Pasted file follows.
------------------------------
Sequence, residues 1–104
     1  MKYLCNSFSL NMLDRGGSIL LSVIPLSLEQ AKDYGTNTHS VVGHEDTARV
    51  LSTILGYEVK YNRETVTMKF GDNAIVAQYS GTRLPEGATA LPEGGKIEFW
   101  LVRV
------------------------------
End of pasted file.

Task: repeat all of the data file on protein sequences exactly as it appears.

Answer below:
Sequence, residues 1–104
     1  MKYLCNSFSL NMLDRGGSIL LSVIPLSLEQ AKDYGTNTHS VVGHEDTARV
    51  LSTILGYEVK YNRETVTMKF GDNAIVAQYS GTRLPEGATA LPEGGKIEFW
   101  LVRV